The musical Guys and Dolls may be a little creaky, but you would be too at age 68.
If you can get past this throwback to a different era though, there is some mighty fine music being made on stage the Waterfront Theatre on Granville Island.
Set in a mythical New York City during the Depression, Guys and Dolls is the story of gambler Nathan Detroit who is trying to find the cash to finance his moving craps game, all while avoiding the police who are breathing down his neck. Meanwhile, his longtime girlfriend and lounge performer Adelaide is upset that they have been engaged for fourteen years with no wedding ring in sight.
Turning to fellow gambler Sky Masterson to bankroll his game, the two men make a bet which sends Masterson to Havana and back again, in pursuit of the straight-laced missionary, Sarah Brown.
In Guys and Dolls, pursuing “dolls” is as much a game as the quest by for the next craps game. It also reinforces two aging female archetypes, the chaste Sarah and the perception of Adelaide as a floozy given her occupation. Through a modern lens, it is difficult to ignore these sexist underpinnings.
Yes, it may be from a different era, but like others from the golden age of musical theatre, it is sometimes difficult to watch, and were it not for some terrific singing in this production, these and other stereotypes are simply boring (and not a little offensive). Impossible to take seriously, what is missing in this production are more winks to say “yes, we know this is all just a great big bucket of aged fromage”.
To her credit, director Jenn Suratos has attempted to temper some of the sexism, not an easy task in this musical first seen on Broadway in 1950. She does this by re-casting a few roles as female, and a sly sexual reclamation with a little burlesque (more on that later).
Two of the larger roles that find a gender bend in this production are great choices. Along with a couple of smaller gender reversals among the gamblers, both police officer Brannigan and Joey Biltmore are now female. These are two of the most machismo-fueled characters in the musical, and the performances from Johanna Goosen and Caitlin Hill are as solid as they are sometimes funny.
On the burlesque front, Sari Rosofsky finds herself multiple times on a pole stage right, replacing the finial to indicate place, whether a streetlamp for the streets of New York, or a palm tree to represent Havana. Not only does Rosofsky get to show her ample pole skills (which received some spontaneous applause opening night), it also becomes another much needed wink to remind us of this show’s outdated viewpoint. I only wish there were more of these to carry us through the shows 2 1/2 hour run time, including intermission.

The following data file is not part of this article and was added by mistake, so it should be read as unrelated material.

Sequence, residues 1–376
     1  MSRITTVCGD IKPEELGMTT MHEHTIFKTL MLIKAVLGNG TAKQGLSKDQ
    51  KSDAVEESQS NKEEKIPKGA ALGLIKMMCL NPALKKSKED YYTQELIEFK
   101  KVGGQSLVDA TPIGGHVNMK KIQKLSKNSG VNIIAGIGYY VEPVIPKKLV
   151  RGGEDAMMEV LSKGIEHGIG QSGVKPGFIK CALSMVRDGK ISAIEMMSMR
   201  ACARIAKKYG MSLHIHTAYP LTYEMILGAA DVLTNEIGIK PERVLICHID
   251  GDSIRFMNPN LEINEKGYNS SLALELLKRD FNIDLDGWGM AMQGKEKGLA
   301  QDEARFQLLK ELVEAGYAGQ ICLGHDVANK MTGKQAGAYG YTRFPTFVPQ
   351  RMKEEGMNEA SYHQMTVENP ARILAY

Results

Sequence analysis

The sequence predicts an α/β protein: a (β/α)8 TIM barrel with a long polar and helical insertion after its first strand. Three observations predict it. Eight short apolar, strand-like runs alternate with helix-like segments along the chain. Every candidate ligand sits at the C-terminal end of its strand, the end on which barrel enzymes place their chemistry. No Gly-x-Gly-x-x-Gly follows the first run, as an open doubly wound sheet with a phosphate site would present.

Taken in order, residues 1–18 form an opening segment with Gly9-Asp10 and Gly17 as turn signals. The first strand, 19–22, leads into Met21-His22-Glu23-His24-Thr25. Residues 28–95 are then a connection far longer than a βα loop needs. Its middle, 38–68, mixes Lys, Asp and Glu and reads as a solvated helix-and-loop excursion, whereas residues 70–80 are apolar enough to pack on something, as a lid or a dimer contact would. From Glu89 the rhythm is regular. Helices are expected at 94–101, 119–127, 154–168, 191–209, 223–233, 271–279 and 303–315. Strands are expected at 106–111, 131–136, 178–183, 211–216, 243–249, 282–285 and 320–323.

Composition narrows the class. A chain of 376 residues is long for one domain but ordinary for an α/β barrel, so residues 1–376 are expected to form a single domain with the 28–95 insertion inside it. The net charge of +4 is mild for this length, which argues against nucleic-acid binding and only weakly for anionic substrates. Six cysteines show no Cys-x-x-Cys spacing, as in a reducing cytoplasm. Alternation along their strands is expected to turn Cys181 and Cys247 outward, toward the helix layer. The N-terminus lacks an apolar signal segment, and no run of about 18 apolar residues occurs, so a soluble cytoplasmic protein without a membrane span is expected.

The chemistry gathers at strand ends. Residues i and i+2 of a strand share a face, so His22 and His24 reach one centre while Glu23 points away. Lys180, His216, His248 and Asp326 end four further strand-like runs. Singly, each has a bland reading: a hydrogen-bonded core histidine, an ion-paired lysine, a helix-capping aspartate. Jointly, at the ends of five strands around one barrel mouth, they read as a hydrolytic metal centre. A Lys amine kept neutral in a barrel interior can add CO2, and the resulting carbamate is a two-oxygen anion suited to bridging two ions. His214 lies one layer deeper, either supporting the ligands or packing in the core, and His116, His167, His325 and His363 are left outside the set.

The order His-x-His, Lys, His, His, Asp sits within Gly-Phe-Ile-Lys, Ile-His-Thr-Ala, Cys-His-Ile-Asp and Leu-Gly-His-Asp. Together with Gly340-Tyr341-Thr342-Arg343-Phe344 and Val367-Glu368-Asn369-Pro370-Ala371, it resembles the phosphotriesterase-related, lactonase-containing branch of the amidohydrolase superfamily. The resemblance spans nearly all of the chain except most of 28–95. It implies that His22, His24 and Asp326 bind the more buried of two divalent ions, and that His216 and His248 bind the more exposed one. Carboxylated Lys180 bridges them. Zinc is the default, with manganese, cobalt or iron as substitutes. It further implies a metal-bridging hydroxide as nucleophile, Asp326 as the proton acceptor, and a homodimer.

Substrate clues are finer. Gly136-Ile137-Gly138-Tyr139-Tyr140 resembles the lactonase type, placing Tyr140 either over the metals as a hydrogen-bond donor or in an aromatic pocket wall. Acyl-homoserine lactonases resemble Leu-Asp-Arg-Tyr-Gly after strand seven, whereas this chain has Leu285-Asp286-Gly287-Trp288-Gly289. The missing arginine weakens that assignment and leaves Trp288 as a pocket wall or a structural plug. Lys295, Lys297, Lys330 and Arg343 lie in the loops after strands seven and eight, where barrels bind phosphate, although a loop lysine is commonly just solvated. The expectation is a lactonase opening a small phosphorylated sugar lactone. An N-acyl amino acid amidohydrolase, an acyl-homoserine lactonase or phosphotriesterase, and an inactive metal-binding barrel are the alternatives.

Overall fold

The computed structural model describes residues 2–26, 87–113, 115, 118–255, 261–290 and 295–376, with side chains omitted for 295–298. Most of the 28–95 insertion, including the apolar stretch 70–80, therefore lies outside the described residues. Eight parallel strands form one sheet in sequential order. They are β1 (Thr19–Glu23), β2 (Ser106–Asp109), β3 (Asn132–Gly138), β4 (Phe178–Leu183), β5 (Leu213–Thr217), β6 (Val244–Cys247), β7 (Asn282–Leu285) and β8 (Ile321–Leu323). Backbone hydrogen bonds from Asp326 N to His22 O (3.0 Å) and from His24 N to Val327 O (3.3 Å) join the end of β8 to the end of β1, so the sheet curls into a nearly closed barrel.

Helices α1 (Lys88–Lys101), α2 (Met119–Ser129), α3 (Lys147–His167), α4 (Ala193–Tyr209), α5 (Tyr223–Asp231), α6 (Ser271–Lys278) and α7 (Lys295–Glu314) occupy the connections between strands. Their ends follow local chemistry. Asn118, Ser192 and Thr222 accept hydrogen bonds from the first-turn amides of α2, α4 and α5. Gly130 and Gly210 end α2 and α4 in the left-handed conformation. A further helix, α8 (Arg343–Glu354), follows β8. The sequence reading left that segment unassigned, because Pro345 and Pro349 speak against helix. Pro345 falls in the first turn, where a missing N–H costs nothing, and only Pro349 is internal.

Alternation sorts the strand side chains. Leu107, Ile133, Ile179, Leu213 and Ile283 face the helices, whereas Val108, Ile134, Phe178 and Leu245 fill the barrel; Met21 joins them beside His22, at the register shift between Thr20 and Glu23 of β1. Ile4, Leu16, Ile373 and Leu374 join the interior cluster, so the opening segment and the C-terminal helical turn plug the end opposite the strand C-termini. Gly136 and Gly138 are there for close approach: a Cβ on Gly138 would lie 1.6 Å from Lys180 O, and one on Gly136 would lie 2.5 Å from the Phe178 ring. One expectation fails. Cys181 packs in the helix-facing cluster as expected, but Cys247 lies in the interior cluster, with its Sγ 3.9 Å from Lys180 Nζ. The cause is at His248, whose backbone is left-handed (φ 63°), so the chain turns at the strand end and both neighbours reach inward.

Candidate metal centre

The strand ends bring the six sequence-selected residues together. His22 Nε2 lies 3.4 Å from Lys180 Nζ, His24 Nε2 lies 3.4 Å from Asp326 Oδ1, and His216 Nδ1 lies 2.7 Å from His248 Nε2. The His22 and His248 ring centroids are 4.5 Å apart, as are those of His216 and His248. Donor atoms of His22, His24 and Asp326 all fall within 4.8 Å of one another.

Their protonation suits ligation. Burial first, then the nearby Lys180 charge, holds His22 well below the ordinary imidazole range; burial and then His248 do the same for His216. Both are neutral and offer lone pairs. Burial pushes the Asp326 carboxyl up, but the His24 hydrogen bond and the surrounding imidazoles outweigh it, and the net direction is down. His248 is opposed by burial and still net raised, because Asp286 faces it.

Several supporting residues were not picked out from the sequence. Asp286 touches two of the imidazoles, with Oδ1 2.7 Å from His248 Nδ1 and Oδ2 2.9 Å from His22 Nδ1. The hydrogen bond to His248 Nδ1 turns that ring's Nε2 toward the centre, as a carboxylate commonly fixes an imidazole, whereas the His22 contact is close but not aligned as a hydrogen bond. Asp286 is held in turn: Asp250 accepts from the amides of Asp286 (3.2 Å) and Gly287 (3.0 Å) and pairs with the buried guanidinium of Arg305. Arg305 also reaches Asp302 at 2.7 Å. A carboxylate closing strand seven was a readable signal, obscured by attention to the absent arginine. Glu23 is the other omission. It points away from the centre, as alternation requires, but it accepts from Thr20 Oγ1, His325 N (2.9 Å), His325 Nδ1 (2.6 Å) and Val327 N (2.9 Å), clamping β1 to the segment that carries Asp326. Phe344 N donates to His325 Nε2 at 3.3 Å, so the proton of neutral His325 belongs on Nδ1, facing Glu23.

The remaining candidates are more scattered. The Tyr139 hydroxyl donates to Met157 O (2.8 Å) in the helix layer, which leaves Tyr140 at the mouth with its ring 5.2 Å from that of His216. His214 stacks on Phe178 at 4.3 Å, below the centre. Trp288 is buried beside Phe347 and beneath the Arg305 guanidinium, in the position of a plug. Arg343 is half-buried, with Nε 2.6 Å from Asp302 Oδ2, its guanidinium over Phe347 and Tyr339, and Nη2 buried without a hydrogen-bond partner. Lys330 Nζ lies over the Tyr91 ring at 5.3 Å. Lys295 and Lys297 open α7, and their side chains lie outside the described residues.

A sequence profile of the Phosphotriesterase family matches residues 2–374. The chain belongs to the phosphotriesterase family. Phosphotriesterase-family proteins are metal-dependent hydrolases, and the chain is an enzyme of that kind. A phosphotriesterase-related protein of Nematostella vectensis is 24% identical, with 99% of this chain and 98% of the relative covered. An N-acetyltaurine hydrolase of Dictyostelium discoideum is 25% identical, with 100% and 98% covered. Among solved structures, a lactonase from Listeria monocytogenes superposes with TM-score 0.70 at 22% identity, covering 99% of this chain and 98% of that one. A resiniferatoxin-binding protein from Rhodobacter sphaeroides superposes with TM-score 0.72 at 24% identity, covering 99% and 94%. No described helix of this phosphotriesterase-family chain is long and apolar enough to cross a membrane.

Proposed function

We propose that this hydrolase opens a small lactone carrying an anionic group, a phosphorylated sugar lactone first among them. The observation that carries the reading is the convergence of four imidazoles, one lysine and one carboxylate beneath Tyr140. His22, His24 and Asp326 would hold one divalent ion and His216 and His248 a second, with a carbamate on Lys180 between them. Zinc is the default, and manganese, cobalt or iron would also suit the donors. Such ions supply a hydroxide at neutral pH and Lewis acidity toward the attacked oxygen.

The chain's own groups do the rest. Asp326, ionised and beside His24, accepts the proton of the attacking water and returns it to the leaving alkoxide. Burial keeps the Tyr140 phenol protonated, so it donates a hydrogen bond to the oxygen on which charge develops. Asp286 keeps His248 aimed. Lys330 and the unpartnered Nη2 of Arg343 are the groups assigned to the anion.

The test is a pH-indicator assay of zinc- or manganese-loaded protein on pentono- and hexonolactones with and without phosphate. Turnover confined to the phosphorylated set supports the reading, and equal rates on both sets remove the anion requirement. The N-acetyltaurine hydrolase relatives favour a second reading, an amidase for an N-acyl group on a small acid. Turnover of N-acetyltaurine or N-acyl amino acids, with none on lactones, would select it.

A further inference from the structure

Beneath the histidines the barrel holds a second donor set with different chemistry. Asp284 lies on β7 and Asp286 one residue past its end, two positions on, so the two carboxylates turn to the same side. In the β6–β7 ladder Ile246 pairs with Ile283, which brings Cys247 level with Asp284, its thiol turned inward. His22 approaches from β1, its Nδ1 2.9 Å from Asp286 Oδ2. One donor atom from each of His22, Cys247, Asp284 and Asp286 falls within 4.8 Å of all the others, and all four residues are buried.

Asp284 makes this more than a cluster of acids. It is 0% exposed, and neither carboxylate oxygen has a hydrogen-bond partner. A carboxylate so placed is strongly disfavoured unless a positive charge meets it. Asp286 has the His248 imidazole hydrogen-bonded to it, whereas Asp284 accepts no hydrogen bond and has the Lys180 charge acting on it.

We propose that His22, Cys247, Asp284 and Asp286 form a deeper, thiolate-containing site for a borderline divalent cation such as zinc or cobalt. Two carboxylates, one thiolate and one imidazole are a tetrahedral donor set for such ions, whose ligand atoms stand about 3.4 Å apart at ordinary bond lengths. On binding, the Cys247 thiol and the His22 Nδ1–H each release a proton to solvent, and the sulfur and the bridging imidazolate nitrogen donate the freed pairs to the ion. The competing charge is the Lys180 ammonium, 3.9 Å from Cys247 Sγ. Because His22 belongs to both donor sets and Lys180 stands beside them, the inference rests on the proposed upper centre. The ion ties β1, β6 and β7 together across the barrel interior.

While Sarah and Sky may be viewed as Guys and Dolls’ star characters, it is actually in the relationship between Nathan and Adelaide where Suratos gets the most from her actors. That isn’t to say Ranae Miller and Scott McGowan as Sarah and Sky don’t do nice work (they do), it is that Mandy Rushton and Charlie Deagnon nail the relationship between the long-time couple.
Deagnon is particularly watchable, grounded in a goofy everyman performance. And Rushton has great fun with the ditzy Adelaide and one of the finest singing voices of the night.
Speaking of singing, it is here where this cast excels. Musical director Marquis Byrd has obviously spent time to achieve some stunning vocal work, especially in the harmonies. This community (amateur) and pre-professional cast sounds so good at times it is enough to create goosebumps, and it had nothing to do with the cranked-up air conditioning on opening night.
Finding their surest footing in the ensemble numbers, the showstoppers “Luck Be a Lady” and “Sit Down, You’re Rockin’ the Boat” definitely deliver the goods, with the latter nicely (pun intended) led by Argel Monte De Ramos.
Other individual performances that stand out among this capable cast include Stephen Street’s heartfelt “More I Cannot Wish You”, and Amanda Russell’s deadpan and disinterested delivery as one of the Hotbox Girls, complete with cigarette hanging from her mouth.
Set designer Chris Hall does a lot with very little, and an obviously smaller budget, to take us to the various locales. Amara Anderson does their best to clothe this large cast with period appropriate costumes.
This is Fighting Chance Productions’ final show for the season. It is also marks the final show before the company goes on hiatus next year.
Doing a quick count, I figure I have been in the audience for 32 of the 52+ shows Fighting Chance has produced over the past decade. There is little doubt the decision not to produce a season next year will leave a hole in the local theatre landscape for myself and Vancouver audiences.
I look forward to what they have up their sleeve for the 2019-2020 season.
Guys and Dolls with music and lyrics by Frank Loesser and a book by Jo Swerling and Abe Burrows. Based on short stories by Damon Runyon. Directed by Jenn Suratos. Musical direction by Marquis Byrd and choreography by Rachel Carlson & Amanda Lau. A Fighting Chance Productions presentation on stage at the Waterfront Theatre (1412 Cartwright St, Vancouver) until August 25. Visit fightingchanceproductions.ca for tickets and information.
Editor’s note (9 August): this review was revised to reflect the correct spelling of one of the cast members.